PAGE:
Full Text PDF

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[ARTICLE] Effects of dual-task and walking speed on gait variability in people with chronic ankle instability: a cross-sectional study – Full Text

Abstract

Background

Recent evidence suggests that impaired central sensorimotor integration may contribute to deficits in movement control experienced by people with chronic ankle instability (CAI). This study compared the effects of dual-task and walking speed on gait variability in individuals with and without CAI.

Methods

Sixteen subjects with CAI and 16 age- and gender-matched, able-bodied controls participated in this study. Stride time variability and stride length variability were measured on a treadmill under four different conditions: self-paced walking, self-paced walking with dual-task, fast walking, and fast walking with dual-task.

Results

Under self-paced walking (without dual-task) there was no difference in stride time variability between CAI and control groups (P = 0.346). In the control group, compared to self-paced walking, stride time variability decreased in all conditions: self-paced walking with dual-task, fast speed, and fast speed with dual-task (P = 0.011, P = 0.016, P = 0.001, respectively). However, in the CAI group, compared to self-paced walking, decreased stride time variability was demonstrated only in the fast speed with dual-task condition (P = 1.000, P = 0.471, P = 0.008; respectively). Stride length variability did not change under any condition in either group.

Conclusions

Subjects with CAI and healthy controls reduced their stride time variability in response to challenging walking conditions; however, the pattern of change was different. A higher level of gait disturbance was required to cause a change in walking in the CAI group compared to healthy individuals, which may indicate lower adaptability of the sensorimotor system. Clinicians may use this information and employ activities to enhance sensorimotor control during gait, when designing intervention programs for people with CAI.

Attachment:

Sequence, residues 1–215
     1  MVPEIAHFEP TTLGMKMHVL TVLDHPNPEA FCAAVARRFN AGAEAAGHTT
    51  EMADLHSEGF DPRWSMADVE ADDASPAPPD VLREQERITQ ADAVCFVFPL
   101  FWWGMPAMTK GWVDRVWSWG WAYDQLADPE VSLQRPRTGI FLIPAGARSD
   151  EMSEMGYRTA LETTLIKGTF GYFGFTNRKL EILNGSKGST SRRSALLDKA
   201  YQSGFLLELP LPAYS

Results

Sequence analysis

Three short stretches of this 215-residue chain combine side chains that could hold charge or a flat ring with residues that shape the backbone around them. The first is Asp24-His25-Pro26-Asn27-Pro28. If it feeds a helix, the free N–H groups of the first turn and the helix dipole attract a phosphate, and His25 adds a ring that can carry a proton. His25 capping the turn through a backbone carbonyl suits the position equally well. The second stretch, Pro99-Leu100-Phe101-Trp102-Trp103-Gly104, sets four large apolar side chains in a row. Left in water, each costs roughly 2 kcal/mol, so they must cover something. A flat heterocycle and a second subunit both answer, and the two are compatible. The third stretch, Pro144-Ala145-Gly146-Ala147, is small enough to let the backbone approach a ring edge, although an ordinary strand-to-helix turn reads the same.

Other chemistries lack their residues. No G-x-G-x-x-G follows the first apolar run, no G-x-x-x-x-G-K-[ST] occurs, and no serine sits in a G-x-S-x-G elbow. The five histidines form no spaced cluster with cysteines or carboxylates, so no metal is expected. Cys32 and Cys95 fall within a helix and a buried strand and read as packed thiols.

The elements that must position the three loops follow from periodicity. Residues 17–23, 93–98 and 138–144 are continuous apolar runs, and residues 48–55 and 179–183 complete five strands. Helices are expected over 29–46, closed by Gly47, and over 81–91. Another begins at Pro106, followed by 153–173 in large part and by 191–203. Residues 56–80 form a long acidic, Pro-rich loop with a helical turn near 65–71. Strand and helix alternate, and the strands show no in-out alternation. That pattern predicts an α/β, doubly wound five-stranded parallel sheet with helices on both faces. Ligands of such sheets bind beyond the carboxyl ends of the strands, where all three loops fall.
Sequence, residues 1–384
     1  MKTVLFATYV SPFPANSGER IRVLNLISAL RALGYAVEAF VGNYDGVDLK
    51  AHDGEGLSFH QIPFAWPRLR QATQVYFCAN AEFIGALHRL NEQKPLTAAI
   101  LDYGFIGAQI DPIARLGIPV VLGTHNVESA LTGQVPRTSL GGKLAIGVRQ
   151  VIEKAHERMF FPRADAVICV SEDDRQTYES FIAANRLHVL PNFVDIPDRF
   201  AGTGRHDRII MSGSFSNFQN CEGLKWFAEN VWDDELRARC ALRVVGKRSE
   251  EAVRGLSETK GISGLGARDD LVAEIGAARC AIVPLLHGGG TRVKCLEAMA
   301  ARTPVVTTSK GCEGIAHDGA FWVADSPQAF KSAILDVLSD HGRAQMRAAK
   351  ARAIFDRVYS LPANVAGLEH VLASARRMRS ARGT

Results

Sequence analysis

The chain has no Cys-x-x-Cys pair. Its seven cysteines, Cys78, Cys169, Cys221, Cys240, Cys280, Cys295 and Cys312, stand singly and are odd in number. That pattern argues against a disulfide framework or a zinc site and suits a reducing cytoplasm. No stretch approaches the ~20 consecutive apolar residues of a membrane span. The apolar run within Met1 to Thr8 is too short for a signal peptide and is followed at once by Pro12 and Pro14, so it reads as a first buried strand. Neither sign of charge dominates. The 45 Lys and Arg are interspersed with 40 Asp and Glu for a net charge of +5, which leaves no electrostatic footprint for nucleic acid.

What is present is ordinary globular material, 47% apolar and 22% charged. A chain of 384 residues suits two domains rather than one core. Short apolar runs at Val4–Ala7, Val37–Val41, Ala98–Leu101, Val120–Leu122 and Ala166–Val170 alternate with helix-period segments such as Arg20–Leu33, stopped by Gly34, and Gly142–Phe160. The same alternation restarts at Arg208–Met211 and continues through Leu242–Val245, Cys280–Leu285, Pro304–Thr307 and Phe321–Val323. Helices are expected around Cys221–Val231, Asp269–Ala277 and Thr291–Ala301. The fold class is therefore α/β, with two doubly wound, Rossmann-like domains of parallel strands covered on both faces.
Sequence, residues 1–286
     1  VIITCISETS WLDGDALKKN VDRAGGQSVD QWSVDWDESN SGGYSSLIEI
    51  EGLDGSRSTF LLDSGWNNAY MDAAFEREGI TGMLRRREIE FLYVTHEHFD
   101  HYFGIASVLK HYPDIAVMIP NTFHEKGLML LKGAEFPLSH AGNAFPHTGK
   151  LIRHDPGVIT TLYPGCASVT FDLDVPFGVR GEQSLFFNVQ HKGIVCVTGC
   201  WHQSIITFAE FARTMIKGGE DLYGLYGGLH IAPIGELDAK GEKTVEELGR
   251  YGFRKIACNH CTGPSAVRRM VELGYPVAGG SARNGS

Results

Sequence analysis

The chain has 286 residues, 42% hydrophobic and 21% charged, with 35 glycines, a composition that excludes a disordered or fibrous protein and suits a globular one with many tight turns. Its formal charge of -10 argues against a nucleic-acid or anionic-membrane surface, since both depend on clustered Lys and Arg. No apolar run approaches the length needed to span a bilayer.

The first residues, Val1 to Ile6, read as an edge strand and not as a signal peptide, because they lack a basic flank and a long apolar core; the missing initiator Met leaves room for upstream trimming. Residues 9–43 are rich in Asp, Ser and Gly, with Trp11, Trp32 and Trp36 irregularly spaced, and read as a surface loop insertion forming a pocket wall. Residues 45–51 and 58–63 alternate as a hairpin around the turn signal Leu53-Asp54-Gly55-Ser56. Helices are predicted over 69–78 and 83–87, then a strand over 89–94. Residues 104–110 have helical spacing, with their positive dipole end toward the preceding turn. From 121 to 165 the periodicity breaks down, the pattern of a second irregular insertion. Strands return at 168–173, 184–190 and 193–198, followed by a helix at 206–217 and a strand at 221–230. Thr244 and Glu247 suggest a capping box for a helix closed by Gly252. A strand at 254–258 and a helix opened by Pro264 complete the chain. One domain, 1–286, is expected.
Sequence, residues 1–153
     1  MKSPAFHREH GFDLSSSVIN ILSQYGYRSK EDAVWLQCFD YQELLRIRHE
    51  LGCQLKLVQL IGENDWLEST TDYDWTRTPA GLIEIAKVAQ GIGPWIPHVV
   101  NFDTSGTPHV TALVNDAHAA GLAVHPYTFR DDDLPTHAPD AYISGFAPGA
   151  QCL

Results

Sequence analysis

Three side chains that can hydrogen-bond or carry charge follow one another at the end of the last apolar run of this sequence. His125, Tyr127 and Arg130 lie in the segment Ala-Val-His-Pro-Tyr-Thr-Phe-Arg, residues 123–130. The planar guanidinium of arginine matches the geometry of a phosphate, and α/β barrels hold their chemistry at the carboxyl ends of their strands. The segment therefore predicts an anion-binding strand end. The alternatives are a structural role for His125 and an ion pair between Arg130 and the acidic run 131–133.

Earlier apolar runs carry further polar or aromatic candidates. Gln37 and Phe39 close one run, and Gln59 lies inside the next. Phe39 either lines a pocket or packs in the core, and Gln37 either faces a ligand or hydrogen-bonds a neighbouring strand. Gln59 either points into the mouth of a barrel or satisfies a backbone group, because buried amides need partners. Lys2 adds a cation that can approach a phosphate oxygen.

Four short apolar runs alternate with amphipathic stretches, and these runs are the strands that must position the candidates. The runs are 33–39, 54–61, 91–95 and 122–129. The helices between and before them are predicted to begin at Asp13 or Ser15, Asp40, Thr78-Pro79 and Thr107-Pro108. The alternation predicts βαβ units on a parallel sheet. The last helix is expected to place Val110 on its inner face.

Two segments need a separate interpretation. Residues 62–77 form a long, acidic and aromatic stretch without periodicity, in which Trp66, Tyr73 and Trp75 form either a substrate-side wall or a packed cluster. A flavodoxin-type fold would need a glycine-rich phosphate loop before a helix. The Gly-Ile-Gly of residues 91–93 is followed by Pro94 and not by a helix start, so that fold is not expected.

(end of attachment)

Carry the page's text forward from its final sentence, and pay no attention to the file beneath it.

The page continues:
The study was registered with the Clinical Trials network (registration NCT02745834, registration date 15/3/2016).

Background

Recurrent ankle sprains occur in up to 40% of individuals who have previously experienced a lateral ankle sprain [1, 2]. Individuals who report residual symptoms, which include repetitive episodes of ‘giving way’ and subjective feeling of ankle joint instability are termed as having chronic ankle instability (CAI) [3]. The cause of these symptoms and the high frequency of recurrent ankle sprain is not fully understood [4]. It has been suggested that the residual joint instability and the high reoccurrence rates can be attributed to loss of sensory input from articular mechano-receptors, decreased muscle strength, mechanical instability of the ankle joint, and reduced ankle range of motion [5, 6].

Recent evidence suggests that deficits in central neural sensorimotor integration can contribute to impaired movement control in people with CAI [7, 8, 9, 10, 11, 12, 13, 14]. For example, Springer et al. [8] assessed the correlation between single-limb stance postural control (Overall Stability Index) and shoulder position sense (Absolute Error Score) among people with CAI and healthy controls. Correlations between the lower and upper limbs were observed only in the healthy controls, indicating altered sensorimotor integration in the CAI group. Several studies have observed altered gait mechanism in people with CAI, which was explained by compromised central nervous system (CNS) control [9, 14, 15, 16]. It was shown that people with CAI have a typical gait pattern of increased inversion kinematics and kinetics, lateral shift of body weight, increased hip flexion during terminal swing to mid stance, reduced hip extension and increased knee flexion during terminal stance to initial swing, and slow weight transfer at the beginning and end of the stance [15, 16, 17]. Altered biomechanical strategies during gait initiation and termination tasks (e.g., reduced center of pressure displacement), have also been demonstrated in this population [9, 14]. Studies that assessed movement variability, such as knee and hip joint motions during single leg jump landing, identified differences between individuals with and without CAI, which may also indicate central motor programming deficits [10, 11, 12, 13]. Hence, further investigation of motor control adaptations may contribute to understanding the underlying neurophysiologic mechanisms of CAI.

Gait speed and other spatio-temporal parameters during daily activities should reflect behavioral goals and environmental conditions [18]. Studies revealed that walking speed has a significant effect on joint coordination pattern and gait variability [18, 19, 20]. Therefore, assessing gait variability under challenging situations such as walking at different speeds might test CNS flexibility in controlling gait [19, 20]. Moreover, based on the understanding that for many daily activities even a fully intact motor control system requires attention and cognitive resources [21], the dual-task paradigm has been used to provide insight into the demands of postural control and gait on attention. Performance of a cognitive task has been shown to decrease postural control in participants with CAI as compared to healthy controls [7, 22]. However, no previous study examined the impact of cognitive task and walking speed on gait performance in subjects with CAI.